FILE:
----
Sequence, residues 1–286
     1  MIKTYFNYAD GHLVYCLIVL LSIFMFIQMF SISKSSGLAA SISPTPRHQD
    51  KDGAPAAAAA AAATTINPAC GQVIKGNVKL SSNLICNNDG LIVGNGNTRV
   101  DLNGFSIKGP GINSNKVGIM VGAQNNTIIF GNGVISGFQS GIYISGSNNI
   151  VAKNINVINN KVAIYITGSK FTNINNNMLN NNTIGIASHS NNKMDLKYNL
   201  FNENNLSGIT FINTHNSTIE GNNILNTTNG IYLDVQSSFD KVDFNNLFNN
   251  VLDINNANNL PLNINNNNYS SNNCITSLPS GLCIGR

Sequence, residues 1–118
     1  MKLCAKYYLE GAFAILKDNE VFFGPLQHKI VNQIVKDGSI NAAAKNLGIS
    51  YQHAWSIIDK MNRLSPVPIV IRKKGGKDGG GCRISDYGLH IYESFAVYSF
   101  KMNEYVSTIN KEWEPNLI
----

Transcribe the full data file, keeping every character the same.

Sequence, residues 1–286
     1  MIKTYFNYAD GHLVYCLIVL LSIFMFIQMF SISKSSGLAA SISPTPRHQD
    51  KDGAPAAAAA AAATTINPAC GQVIKGNVKL SSNLICNNDG LIVGNGNTRV
   101  DLNGFSIKGP GINSNKVGIM VGAQNNTIIF GNGVISGFQS GIYISGSNNI
   151  VAKNINVINN KVAIYITGSK FTNINNNMLN NNTIGIASHS NNKMDLKYNL
   201  FNENNLSGIT FINTHNSTIE GNNILNTTNG IYLDVQSSFD KVDFNNLFNN
   251  VLDINNANNL PLNINNNNYS SNNCITSLPS GLCIGR

Sequence, residues 1–118
     1  MKLCAKYYLE GAFAILKDNE VFFGPLQHKI VNQIVKDGSI NAAAKNLGIS
    51  YQHAWSIIDK MNRLSPVPIV IRKKGGKDGG GCRISDYGLH IYESFAVYSF
   101  KMNEYVSTIN KEWEPNLI